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Applying to US University after a gap year as a British student

Hi everyone,

I am looking to apply to an American university but as a burnt out Alevel student I want to take a gap year.
For context I have just taken by AS exams (French, English and History) and am finishing year 12. I feel like this is gonna get complicated so just humour me pls lol.

If I get good grades this year (as in for my AS I get B or A) then I will apply to UK universities only (as they don't have fees for application like the US, so I might as well try and get a feel for the process). This is mainly because my goal universities are Oxford, LSE and Kings. They're all very competitive and prestigious and if I get bad grades (Es and Ds) then I won't bother and will consider retaking my alevels.
Now, if I get good grades, apply and get in, I will most certainly skip a gap year and take a four year course involving French so I have the option to study abroad.

If I get good grades but don't get in, that's where I need advice. I will then take a year off to build my extracurriculars and either au pair in France or find an internship or program. Then I plan to apply to both UK and US universities.

My problem is, is this considered weird? I'm pretty sure this is a really niche situation, but I'm really concerned as gap years are not big things in the US. They require stuff like mid-year reports, references from 3 of your tutors who should be familiar with the US system etc etc. I feel like I'm at a huge disadvantage for being a British student wanting to apply to a US university already, not even considering if I take a gap year and then need all of this stuff specific to my tutors and college.

Not to mention how much it costs just to apply to 10 US universities (visa application costs, flights etc), which is something I would be saving up for in my gap year. I really need some reassurance that this isn't stupid or unattainable, as literally everyone around me knows nothing about the American system or have their hearts set on a specific university course in the UK already.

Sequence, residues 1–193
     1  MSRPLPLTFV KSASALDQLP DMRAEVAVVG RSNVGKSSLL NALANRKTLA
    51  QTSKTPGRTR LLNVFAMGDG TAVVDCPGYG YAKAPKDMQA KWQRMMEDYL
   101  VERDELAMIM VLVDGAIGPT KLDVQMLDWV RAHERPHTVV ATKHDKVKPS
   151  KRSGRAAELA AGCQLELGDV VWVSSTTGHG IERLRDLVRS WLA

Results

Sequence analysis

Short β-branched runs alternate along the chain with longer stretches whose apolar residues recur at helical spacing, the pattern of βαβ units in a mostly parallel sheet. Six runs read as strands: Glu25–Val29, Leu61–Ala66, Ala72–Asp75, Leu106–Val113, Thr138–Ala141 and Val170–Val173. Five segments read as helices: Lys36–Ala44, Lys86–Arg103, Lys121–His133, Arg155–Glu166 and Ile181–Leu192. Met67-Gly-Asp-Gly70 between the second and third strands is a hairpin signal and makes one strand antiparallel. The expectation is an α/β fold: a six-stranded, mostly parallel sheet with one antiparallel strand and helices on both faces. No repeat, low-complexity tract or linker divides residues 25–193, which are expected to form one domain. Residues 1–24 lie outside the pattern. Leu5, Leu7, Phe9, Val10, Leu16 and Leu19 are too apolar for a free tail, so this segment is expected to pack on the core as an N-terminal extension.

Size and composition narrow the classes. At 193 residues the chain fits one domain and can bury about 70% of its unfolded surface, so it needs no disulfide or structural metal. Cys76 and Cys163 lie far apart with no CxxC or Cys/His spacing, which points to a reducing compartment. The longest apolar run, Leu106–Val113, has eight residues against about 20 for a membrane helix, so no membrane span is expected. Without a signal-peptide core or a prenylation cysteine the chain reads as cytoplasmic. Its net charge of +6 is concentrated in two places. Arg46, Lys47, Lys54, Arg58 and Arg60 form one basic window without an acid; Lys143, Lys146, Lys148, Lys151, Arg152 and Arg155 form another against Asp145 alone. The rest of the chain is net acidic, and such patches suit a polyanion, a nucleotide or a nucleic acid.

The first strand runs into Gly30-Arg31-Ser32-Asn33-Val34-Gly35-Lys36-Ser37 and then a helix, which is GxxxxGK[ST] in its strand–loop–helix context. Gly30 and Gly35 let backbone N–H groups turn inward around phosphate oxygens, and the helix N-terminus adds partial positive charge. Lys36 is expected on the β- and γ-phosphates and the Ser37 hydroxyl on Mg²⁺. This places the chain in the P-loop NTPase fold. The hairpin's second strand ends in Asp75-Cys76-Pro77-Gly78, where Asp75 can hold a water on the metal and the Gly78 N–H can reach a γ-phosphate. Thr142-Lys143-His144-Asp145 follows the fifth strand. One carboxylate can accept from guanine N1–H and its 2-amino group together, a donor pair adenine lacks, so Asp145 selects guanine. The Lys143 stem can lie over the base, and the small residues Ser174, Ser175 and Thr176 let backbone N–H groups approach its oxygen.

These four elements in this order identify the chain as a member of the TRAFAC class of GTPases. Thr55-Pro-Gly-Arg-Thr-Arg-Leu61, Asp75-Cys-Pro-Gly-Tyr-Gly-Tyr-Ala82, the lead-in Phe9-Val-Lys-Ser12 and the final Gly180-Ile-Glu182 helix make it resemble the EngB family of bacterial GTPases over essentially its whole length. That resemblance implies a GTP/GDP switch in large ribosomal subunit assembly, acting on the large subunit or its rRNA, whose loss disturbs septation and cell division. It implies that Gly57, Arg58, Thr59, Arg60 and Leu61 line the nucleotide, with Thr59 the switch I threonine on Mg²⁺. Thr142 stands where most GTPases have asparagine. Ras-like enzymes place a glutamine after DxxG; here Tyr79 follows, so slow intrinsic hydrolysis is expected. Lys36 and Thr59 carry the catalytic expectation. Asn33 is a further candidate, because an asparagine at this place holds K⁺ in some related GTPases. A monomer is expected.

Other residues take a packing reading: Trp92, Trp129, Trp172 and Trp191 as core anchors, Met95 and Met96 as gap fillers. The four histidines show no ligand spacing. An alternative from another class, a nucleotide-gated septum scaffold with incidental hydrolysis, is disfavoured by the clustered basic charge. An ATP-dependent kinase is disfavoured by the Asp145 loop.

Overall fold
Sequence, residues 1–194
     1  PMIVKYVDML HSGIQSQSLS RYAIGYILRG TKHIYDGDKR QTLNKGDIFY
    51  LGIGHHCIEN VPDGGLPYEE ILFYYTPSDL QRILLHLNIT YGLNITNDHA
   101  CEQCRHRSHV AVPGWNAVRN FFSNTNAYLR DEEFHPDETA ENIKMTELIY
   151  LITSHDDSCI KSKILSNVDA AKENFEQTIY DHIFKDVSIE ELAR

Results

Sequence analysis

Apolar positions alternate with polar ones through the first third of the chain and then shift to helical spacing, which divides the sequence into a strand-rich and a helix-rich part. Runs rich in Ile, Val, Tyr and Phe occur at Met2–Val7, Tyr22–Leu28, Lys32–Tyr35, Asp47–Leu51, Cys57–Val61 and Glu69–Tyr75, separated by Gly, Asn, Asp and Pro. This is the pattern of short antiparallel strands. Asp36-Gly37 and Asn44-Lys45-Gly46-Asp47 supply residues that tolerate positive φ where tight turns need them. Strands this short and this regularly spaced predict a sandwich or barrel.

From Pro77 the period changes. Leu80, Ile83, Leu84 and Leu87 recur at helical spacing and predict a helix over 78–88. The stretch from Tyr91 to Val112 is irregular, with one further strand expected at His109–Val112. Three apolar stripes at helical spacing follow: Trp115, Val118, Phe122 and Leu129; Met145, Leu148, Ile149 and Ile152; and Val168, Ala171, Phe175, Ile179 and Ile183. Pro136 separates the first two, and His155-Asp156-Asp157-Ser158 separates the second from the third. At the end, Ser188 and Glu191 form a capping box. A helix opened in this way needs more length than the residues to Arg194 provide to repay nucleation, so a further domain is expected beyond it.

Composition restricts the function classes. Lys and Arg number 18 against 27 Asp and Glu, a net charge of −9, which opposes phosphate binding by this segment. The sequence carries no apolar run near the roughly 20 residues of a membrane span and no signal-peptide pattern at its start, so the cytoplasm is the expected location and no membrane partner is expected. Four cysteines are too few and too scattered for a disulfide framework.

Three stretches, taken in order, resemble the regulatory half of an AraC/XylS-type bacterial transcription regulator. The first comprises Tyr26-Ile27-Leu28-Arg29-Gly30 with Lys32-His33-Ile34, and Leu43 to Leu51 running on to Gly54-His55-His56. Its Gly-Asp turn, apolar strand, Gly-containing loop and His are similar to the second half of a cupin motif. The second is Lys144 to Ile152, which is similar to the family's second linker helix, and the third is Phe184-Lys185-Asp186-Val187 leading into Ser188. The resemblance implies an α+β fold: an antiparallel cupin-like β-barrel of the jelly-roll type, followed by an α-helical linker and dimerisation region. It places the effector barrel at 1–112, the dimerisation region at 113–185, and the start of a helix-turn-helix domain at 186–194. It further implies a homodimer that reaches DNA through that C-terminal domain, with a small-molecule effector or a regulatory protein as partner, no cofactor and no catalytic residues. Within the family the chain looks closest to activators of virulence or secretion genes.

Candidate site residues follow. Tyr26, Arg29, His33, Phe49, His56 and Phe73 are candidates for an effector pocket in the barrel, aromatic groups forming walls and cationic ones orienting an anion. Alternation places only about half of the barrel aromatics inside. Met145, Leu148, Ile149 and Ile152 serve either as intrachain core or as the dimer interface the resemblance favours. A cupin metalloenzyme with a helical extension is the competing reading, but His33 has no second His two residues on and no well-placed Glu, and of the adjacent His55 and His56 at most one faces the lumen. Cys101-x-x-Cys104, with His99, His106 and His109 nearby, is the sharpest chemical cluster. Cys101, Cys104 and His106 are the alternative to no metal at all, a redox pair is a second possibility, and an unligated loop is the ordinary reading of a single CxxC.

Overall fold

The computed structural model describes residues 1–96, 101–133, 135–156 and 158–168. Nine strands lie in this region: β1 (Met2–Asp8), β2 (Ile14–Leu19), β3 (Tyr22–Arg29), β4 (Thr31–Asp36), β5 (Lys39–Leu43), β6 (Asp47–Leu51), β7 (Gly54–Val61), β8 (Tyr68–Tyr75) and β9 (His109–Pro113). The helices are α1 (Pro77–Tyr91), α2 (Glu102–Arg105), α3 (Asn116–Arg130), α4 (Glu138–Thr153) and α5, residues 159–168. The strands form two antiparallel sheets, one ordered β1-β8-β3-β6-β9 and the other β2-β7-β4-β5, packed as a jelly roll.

Thanks so much, I hope this isn't too ranty.
Hi! No, this seems attainable. Although gap years are not popular in the US, I don't think it will put your application at a disadvantage. Just make sure your gap year activities/internships/programs are relevant to what you want to study. Have you looked into US applications much yet?
Original post by penguingirl18
Hi! No, this seems attainable. Although gap years are not popular in the US, I don't think it will put your application at a disadvantage. Just make sure your gap year activities/internships/programs are relevant to what you want to study. Have you looked into US applications much yet?


Thanks for the response! have looked into US applications so far as to know the essay style and number, what my application needs, then transcripts, sats etc etc. I have also shortlisted about 12 universities I would love to do more research on, its just the number always ends up overwhelming me. I have an American tutor I have a meeting with soon so will definitely be speaking to him. Do you think there's anything I could be doing right now except extracurriculars to prepare for applying?
Also, I have tended to focus on supercurricular activities and have quite a long list of them. Is this sort of what American universities see as a spike + do you think they're worth adding into the application?
Thanks!!
Original post by Anonymous
Thanks for the response! have looked into US applications so far as to know the essay style and number, what my application needs, then transcripts, sats etc etc. I have also shortlisted about 12 universities I would love to do more research on, its just the number always ends up overwhelming me. I have an American tutor I have a meeting with soon so will definitely be speaking to him. Do you think there's anything I could be doing right now except extracurriculars to prepare for applying?
Also, I have tended to focus on supercurricular activities and have quite a long list of them. Is this sort of what American universities see as a spike + do you think they're worth adding into the application?
Thanks!!

Yes, supercurriculars are important! It's best if you can show that your activities fall in a few main areas of interest. It sounds like you're pretty well prepared. It would be helpful to read successful essays since those are important in the admissions process. Have you looked into tuition costs? Some universities are need-blind, but many take whether you need financial aid into account when making admissions decisions ("need-aware").

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